Detroit sits it out while March sales are busting out

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By Jeremy Sinek

Don’t be deceived by the March market’s relatively modest 2.8-per cent growth. Compared with the double-digit gains in the first two months it may look as if the auto-sales recovery is faltering, but context is everything.  
Last March was a break-out month – the best March in more than a decade. And this March was even better (helped, admittedly, by one extra selling day).

The March 2012 tally of 157,750 cars and lights trucks beat the month’s previous-10-year average by more than 11,000 units. With the first quarter in the books, the year-to-date total is running 8.4 per cent ahead of last year’s pace.

Still, it wasn’t a case of a rising tide lifts all boats. While there were more floaters than sinkers in March, the ones that went under included some of the biggest players – Ford, General Motors, Toyota and Honda. But then again, there’s that context thing:  Ford, GM, and Honda all had up months a year ago – strongly so in the case of the Detroit two.

Despite growing its sales by 8.4 per cent in March, Chrysler Canada paradoxically remained in third place behind declining Ford and GM for the month. Yet Windsor remains the country’s top-selling automaker year-to-date, albeit now by only a sliver over Ford.

Overall, Detroit’s sales sagged by 1.3 per cent in March while the offshore automakers advanced 6.3 per cent. At the same time Canadians were buying more passenger cars (up 6.8 per cent) while truck sales stagnated (down 0.3 per cent).  

Year-to-date the offshore makers are ahead 13.7 per cent while Detroit trails the overall market with a 2.4-per cent uptick. In percentage terms the imports’ YTD growth is led by the Europeans (up 19.9 per cent) followed by the Japanese (13.7 per cent) and the Koreans (12.7 per cent). Among the latter, Kia is growing at almost three times the pace of its parent, Hyundai.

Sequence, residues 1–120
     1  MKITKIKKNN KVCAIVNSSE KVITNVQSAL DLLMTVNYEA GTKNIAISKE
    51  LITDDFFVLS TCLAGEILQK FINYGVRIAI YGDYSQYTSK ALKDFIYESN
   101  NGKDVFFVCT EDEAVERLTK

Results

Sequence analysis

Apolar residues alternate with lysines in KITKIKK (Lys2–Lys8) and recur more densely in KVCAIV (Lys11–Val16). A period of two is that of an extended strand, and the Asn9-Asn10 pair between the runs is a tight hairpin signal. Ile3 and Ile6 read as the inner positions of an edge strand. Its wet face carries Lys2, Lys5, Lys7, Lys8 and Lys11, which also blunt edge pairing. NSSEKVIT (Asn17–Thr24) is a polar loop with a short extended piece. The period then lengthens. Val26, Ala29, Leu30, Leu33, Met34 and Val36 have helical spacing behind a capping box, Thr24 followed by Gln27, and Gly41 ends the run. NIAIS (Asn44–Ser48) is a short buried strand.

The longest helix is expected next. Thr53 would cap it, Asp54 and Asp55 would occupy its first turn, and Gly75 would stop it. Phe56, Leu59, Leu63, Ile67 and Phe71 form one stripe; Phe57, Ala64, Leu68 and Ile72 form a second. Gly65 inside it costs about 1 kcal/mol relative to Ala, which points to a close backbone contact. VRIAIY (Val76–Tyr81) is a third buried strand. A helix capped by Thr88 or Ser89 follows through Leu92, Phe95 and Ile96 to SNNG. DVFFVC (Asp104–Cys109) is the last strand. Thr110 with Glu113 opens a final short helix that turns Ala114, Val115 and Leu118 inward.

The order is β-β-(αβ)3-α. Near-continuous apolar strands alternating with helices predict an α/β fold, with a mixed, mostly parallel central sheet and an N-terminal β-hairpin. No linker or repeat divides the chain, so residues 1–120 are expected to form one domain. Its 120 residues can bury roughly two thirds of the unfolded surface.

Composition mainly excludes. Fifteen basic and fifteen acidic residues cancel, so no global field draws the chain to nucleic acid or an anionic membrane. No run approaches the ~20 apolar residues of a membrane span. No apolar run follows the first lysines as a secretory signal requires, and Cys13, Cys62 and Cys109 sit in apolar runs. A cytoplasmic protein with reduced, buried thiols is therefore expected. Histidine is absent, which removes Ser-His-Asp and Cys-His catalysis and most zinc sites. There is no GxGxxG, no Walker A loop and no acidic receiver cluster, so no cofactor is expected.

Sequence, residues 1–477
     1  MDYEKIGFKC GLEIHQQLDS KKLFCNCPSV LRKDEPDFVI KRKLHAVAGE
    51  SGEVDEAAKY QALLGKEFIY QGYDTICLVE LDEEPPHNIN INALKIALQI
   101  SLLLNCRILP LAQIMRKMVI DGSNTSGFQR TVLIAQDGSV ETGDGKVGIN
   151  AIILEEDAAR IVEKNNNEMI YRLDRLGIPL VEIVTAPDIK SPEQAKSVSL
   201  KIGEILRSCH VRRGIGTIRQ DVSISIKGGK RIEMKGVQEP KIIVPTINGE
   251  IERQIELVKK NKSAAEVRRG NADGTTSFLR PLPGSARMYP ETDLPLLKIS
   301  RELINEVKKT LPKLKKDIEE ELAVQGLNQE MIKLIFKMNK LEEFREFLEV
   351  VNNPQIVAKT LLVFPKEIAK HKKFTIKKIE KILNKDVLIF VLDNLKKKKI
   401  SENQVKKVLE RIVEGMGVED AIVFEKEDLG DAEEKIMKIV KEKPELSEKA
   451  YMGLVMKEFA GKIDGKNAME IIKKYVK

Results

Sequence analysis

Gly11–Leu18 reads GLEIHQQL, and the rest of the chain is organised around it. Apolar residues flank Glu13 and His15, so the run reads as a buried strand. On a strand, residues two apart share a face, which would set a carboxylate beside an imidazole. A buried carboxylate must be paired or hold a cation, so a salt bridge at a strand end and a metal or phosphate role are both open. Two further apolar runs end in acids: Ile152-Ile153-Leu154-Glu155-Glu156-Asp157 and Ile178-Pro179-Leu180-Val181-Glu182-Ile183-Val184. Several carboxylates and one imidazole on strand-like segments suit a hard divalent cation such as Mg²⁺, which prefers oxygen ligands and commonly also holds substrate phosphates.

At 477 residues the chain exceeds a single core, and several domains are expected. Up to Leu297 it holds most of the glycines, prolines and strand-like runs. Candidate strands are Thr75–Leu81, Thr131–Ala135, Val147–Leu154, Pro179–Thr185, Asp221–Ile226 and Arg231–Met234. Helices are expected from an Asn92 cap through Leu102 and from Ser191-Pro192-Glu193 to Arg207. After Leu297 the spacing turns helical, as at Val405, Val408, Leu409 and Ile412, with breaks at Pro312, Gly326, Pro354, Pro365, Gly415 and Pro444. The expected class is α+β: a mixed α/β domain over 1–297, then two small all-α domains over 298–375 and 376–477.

The action in the various auto categories reveals all kinds of upsets and turnabouts. Consider, for example full-size pickups. The segment has traditionally been a two-horse race between the Ford and GM offerings (usually in that order) with Chrysler’s Ram a distant third. Year to date, however, the Ford F Series has broken clear, while all-time record sales in March have propelled the Ram to within striking distance of the fading GM Silverado/Sierra duo.

Among intermediate cars the Camry`s 2012 redesign has meant a huge come-back for the Toyota mainstay, which now leads the segment, up from a lowly seventh this time last year; as well, the Kia Optima, after a slow start, is becoming a real player in the segment, achieving sales its dowdy predecessor, Magentis, could only dream of.

Among the many rivals being trounced by the AJAC award-winning Kia is the once dominant Honda Accord. In fact, if you exclude the Crosstour version, Accord is even being outsold now by the Volkswagen Passat.

Mercedes-Benz is busting heads all over the place: the freshened C-Class has so far bested the BMW 3 Series for volume leadership of the entry-luxury segment; E-Class is widening its lead over 5 Series in luxury high; the redesigned SLK has surged from nowhere to second in the sport high sector; and the Mercedes M-Class has vaulted from eighth to first among luxury SUVs.

Other new segment leaders include Hyundai Veloster as the fastest-selling sporty car; Honda CR-V has overtaken the Ford Escape as the most popular small SUV; and Dodge Durango has displaced GM’s Tahoe/Yukon twins as the large-SUV sales leader.

The popularity of the above new entries and redesigned stalwarts has also fuelled the growth of their entire segments. The fastest-expanding segments so far this year are sporty (up 51 per cent), large SUV (38 pc) and intermediate car (31 per cent). Subcompact and sport-high cars are also beating the market at 26 and 25 per cent respectively. The categories experiencing the steepest drops are small van (down 8.6 per cent), and small pickup (16.5 per cent).

Some things, however, don’t change: Honda Civic is having no trouble beating back the Hyundai Elantra’s challenge to its compact-car leadership; and the Dodge Grand Caravan still achieves more minivan sales than all its rivals combined.

Among market newcomers, Toyota’s subcompact Prius c hybrid achieved 328 sales in its first (partial) month; after its first full month the Buick Verano is already running fifth in entry-luxury; and Mazda’s CX-5 compact SUV scored 1,649 sales in its first full month.